- The Washington Times - Saturday, August 14, 2004

A few weeks ago, eight state attorneys general (representing California, Connecticut, Iowa, New Jersey, New York, Rhode Island, Vermont and Wisconsin), joined by the corporation counsel of New York City, announced a federal lawsuit against five power companies (American Electric Power Co., Cinergy Corp., Southern Co., the Tennessee Valley Authority and Xcel Energy Inc.).

The AGs contend those companies produce about 10 percent of the nation’s carbon dioxide emissions by burning fossil fuels and thus contribute to global warming. The lawsuit has been brought under a legal theory that global warming is a “public nuisance” caused by the generation of greenhouse gases as a byproduct of power production.

Devoted observers of state AG gang lawsuit activity will find it no surprise that New York’s Eliot Spitzer and Connecticut’s Richard Blumenthal lead the effort. Both are seasoned veterans of practicing more law before cameras than in courtrooms, free publicity for such “crusaders” being the mother’s milk of their political ambitions.

That there is a substantial cost to taxpayers, in both real dollars, in diverted government resources and in defendants’ legal fees passed on to consumers, just doesn’t seem to concern them.

“Think tobacco, without the money,” said Mr. Blumenthal, trying to explain the lawsuit, which seeks to force reduced emissions rather than obtain monetary damages. Well, OK, that seems noble. But not a few legal scholars see the effort in far more derogatory terms — a frivolous stretch by authority-poaching vigilantes seeking to exploit popular fears.

The street credo of the aforementioned gentlemen and their pick-up team of fellow AG travelers was not at all enhanced by the publication, the very same week the AGs filed suit, of an article by a solar physicist. Paal Brekke is the European Space Agency’s deputy project scientist for the ESA-NASA Solar and Heliospheric Observatory.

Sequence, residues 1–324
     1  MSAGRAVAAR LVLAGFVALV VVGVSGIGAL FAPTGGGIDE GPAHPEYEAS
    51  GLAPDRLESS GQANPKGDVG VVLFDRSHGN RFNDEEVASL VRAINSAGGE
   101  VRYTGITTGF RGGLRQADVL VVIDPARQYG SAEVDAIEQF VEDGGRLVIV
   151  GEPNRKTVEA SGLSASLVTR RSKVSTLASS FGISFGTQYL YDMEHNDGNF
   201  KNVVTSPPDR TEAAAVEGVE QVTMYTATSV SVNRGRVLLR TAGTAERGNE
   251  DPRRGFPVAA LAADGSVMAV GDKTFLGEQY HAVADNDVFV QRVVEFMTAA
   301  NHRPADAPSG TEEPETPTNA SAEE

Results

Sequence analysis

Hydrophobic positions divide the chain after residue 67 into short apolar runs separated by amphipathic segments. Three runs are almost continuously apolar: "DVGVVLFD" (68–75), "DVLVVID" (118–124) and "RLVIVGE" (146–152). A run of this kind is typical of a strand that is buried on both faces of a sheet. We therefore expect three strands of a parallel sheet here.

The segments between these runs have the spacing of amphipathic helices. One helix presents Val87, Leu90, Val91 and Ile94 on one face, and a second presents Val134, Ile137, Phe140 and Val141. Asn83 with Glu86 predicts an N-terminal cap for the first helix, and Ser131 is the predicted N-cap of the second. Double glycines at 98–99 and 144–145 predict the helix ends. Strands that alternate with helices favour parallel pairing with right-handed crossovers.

Here’s his lead sentence, written for the BBC: “Natural processes involving changes in the sun could have at least as powerful an effect on global temperature as increased emissions of carbon dioxide [CO2].”

Mr. Brekke says: “reducing greenhouse emissions will have much less effect in halting rising temperatures than some people think, and it might have hardly any effect at all.”

Note Mr. Brekke’s caution, characteristic of good scientists who understand science requires proof before proof can be stated. Would that the practice of law be guided by even a modicum of that disciplinary restraint.

Messrs. Spitzer, Blumenthal, et al., face a mountain range of legal hurdles and scientific uncertainties to even make the case that the lawsuit should be heard. If the “legal system” dismisses their “crusading efforts for the people,” that only increases their obligation to seek higher office in their selfless quest to achieve all that is good for everyone.

Mr. Spitzer, demonstrating the ability to precisely duplicate his tried-and-true playbook, was encouraging settlement even as the lawsuit was filed. If the suit is not dismissed as soon as a judge gets around to it, the power companies should tell the AGs to stick it where the sun don’t shine. The science on global warming is far from settled, as Mr. Brekke’s observations demonstrate. If the case does go to court, we herewith offer to represent the Sun, pro bono.

THOMAS HUMBER

Founder,

Center for Individual Freedom (www.cfif.org).

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